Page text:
ECB Cut Rates To Stimulate Economy
Earlier this week, I said that interest rates look set to stay low.
This week, the ECB announced that it is reducing interest rates. Trump is demanding that the US federal reserve also cut interest rates and the UK base rates stand at just .75%.
Other central banks are keeping rates low in order to stimulate the flagging economy.
The ECB is also introducing other stimulus measures such as pumping money into the economy by buying €2.8 billion worth of bonds.
As I said, this is good news for borrowers but not so good for savers.
In the UK you can get mortgages at just over 1%, but in some countries you can get mortgage is it close to zero or even negative rate mortgages.
It should be a good time to fix your mortgage rate as there is also a bit of a mortgage work going on with lenders falling over themselves to attract customers.
The property market in the UK has been in the doldrums for the last few years, with some areas such as London fallen sharply. The average price rises in the rest of the country are barely moving.
However, with the conclusion of Brexit finally in sight and ‘no deal’ looking like it is off the table, some agents are reporting an increase in buyer activity.
With Sterling still down at just over £1.20 against the dollar, properties must look cheap for foreign buyers. The pound could also benefit from the Brexit bounce once we come out of the EU. The pound reaches the highest level since July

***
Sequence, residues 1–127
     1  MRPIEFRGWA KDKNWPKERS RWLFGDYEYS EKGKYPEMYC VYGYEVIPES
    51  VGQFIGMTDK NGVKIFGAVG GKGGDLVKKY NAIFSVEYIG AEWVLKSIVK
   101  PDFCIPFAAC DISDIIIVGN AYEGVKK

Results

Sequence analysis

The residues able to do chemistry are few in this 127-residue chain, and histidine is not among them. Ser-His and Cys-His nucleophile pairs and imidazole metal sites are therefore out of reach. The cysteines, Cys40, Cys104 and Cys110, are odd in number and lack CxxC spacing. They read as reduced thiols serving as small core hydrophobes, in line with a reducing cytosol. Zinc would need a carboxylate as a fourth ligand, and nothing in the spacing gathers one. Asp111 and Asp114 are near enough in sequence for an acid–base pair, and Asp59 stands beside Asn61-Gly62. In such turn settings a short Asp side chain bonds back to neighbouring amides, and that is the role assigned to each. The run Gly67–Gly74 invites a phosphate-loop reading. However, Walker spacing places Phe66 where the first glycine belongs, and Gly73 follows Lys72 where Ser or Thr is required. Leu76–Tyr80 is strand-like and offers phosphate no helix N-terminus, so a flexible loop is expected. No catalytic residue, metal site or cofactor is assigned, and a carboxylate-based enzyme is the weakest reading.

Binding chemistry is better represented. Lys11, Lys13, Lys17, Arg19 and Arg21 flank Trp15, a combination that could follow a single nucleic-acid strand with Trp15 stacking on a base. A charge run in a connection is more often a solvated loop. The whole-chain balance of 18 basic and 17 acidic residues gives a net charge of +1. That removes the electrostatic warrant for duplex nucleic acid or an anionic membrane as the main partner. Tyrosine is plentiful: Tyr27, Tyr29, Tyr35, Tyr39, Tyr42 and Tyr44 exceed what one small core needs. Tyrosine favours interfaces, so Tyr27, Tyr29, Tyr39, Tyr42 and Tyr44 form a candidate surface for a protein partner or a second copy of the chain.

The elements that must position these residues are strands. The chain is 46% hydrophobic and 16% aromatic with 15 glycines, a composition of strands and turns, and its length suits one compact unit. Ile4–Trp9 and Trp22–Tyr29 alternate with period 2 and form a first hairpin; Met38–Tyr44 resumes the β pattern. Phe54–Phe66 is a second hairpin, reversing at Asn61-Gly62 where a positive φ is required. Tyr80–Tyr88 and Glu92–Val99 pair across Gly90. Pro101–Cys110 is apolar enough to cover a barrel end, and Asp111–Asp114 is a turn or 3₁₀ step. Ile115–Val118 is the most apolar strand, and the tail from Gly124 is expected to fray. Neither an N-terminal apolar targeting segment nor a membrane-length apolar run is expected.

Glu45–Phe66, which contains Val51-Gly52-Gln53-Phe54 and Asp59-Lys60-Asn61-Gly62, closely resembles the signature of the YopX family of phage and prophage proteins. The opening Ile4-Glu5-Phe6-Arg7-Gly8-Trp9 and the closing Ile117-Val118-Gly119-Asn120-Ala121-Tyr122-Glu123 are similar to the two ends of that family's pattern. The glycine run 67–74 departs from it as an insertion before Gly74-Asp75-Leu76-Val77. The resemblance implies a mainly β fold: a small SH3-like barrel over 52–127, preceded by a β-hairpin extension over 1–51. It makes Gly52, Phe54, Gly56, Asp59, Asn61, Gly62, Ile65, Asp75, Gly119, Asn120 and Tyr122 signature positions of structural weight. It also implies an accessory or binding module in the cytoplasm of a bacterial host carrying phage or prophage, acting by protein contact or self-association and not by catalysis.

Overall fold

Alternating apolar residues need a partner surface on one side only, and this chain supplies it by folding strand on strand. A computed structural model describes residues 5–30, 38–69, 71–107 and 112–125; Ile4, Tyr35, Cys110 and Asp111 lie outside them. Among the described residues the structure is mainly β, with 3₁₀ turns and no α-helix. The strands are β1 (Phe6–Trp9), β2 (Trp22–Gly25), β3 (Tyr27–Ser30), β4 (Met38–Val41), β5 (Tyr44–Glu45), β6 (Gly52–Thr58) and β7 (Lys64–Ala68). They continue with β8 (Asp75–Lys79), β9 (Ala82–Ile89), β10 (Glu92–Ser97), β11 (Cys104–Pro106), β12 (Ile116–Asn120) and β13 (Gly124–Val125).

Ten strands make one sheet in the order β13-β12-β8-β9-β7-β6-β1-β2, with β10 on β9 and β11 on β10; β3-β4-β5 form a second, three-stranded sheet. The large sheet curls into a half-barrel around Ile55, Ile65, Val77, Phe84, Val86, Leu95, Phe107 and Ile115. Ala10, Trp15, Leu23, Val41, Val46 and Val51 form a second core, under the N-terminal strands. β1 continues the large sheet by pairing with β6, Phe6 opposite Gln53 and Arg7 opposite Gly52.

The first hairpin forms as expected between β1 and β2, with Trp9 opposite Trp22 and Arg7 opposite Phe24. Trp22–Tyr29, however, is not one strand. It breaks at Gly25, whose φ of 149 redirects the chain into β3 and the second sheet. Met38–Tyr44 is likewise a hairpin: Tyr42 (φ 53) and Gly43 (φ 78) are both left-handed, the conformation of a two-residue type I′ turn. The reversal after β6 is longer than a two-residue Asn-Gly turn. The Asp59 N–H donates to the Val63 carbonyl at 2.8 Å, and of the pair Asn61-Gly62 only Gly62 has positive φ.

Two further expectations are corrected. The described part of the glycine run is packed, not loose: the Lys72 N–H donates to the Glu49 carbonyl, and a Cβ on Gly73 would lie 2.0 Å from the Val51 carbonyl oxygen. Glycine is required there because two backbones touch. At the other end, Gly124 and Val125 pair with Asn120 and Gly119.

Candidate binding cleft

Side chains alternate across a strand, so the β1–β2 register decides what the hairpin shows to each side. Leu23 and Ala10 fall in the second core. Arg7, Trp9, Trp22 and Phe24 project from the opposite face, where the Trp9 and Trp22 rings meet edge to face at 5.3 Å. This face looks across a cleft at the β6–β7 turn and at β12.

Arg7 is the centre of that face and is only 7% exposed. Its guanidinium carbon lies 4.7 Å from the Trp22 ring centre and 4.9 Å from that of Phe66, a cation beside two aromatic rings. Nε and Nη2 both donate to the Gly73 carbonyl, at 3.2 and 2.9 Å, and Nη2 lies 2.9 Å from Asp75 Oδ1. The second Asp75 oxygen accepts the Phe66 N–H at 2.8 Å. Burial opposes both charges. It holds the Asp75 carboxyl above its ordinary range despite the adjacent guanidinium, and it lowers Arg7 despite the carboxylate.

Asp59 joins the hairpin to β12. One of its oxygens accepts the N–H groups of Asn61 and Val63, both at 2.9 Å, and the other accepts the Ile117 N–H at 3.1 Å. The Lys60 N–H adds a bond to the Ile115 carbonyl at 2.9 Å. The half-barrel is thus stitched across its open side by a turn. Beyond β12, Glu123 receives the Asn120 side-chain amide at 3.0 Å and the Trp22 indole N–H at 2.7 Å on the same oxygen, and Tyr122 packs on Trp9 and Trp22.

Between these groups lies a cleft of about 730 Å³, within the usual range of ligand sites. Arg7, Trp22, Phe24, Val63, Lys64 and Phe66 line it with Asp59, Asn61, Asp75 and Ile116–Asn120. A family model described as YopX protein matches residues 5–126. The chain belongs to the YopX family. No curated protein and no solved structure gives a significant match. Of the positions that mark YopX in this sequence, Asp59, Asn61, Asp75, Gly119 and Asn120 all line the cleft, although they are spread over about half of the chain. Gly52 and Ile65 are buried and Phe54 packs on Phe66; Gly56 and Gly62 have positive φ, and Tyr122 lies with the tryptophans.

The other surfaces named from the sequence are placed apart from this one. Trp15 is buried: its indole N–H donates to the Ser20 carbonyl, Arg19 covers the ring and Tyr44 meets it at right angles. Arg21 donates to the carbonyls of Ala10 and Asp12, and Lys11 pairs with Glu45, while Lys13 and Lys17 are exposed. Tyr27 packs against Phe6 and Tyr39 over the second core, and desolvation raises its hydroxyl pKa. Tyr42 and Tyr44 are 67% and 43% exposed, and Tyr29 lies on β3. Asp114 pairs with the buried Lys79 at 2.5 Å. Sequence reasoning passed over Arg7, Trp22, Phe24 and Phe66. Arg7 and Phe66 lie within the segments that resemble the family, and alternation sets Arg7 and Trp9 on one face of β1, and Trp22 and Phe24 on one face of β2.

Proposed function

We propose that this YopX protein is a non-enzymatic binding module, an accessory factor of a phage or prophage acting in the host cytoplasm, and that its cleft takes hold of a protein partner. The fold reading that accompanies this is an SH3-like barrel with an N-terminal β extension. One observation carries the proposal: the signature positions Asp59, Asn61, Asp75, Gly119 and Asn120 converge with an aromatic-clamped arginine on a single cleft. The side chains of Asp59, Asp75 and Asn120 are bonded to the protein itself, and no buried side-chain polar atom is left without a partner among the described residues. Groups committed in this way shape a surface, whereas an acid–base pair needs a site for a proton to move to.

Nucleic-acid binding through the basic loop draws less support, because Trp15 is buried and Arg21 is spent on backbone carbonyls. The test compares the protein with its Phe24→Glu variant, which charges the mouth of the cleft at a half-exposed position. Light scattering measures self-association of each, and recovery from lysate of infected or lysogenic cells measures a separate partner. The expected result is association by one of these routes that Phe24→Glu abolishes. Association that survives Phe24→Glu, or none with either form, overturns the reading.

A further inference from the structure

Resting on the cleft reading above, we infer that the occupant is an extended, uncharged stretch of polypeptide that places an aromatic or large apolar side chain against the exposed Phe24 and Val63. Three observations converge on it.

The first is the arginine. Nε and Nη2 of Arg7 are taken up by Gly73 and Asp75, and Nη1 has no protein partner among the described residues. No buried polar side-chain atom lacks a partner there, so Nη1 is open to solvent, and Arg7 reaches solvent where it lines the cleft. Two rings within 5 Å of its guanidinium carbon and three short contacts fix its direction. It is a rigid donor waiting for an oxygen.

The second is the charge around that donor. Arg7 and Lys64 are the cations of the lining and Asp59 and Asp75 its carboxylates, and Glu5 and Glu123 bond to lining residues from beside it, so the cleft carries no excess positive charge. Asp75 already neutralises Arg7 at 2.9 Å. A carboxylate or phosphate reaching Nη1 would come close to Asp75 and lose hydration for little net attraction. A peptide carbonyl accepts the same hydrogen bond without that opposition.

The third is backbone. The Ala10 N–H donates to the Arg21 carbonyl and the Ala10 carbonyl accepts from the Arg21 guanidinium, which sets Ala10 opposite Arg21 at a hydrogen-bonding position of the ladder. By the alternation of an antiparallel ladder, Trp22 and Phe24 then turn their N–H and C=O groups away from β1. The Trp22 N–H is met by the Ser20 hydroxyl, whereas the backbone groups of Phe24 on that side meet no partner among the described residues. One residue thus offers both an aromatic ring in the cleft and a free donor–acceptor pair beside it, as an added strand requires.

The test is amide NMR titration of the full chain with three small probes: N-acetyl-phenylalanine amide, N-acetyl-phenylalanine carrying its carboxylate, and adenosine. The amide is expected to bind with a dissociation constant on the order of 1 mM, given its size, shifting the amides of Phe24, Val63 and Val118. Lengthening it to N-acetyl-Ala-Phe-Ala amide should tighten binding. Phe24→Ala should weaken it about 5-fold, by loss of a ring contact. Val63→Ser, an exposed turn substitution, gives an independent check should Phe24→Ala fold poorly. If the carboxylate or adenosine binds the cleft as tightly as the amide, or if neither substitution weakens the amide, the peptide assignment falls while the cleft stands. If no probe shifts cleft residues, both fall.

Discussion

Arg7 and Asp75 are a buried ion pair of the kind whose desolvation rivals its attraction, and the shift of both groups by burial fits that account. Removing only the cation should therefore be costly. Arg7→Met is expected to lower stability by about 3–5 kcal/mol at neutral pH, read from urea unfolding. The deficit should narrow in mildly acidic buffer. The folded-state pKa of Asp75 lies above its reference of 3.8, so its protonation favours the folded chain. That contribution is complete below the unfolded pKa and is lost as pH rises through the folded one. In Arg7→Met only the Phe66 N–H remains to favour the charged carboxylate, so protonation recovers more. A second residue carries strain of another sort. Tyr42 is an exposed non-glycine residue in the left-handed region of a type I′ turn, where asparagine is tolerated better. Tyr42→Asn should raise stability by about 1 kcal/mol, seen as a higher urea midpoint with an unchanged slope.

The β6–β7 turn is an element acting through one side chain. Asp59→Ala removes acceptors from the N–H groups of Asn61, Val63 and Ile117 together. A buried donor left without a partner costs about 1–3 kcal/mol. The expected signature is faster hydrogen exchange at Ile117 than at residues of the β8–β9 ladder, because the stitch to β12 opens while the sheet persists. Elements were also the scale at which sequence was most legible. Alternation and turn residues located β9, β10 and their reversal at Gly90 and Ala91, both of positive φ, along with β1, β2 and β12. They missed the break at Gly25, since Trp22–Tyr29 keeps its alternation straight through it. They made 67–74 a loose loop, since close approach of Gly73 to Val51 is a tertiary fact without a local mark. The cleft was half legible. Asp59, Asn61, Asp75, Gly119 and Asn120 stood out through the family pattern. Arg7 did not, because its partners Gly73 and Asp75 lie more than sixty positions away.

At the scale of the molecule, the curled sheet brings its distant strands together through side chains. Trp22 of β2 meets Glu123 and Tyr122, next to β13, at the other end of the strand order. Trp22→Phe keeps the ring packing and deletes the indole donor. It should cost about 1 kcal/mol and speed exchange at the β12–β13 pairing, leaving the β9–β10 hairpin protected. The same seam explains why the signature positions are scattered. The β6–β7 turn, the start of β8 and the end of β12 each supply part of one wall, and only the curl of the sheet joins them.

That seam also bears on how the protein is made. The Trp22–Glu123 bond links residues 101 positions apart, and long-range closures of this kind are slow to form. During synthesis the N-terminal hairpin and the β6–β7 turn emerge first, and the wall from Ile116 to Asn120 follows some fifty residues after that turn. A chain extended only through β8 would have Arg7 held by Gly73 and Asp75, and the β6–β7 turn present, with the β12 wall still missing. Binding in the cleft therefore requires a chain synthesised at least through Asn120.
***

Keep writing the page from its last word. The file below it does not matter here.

If you are an overseas investor looking to get into the UK market I’m looking for a partner, let me know.
My personal view is that we have not seen the end of market turbulence, so I’m holding back on investing in the stock market and will only consider below market value shares and property.
Price of gold, silver and other precious metals has risen sharply in the past year, indicating that some investors are nervous and are looking for a safe haven.
I recently reported that the Chinese businessman Jack Ma said that we should all be working 12 hours a day six days a week. In the UK, some believe that we should push towards a 35 or four day working week.
This was introduced in France several years ago and has caused problems for business.
There is an argument that working too many hours causes fatigue and problems, but any top-down legislation trying to force a shorter working week for businesses needs to be carefully considered. Businesses cannot afford to just pay people the same salary for five days while working only four, which would add an extra 20% to their bottom line.
The London stock exchange has rejected Hong Kong bid thank goodness.
Word of the Day
The short answer is Quantitative easing government central banks printing money.
Putting more money back into the economy in order to stimulate economic activity.
In practice, QE is a monetary policy whereby a central bank buys predetermined amounts of government bonds or other financial assets in order to inject liquidity directly into the economy.
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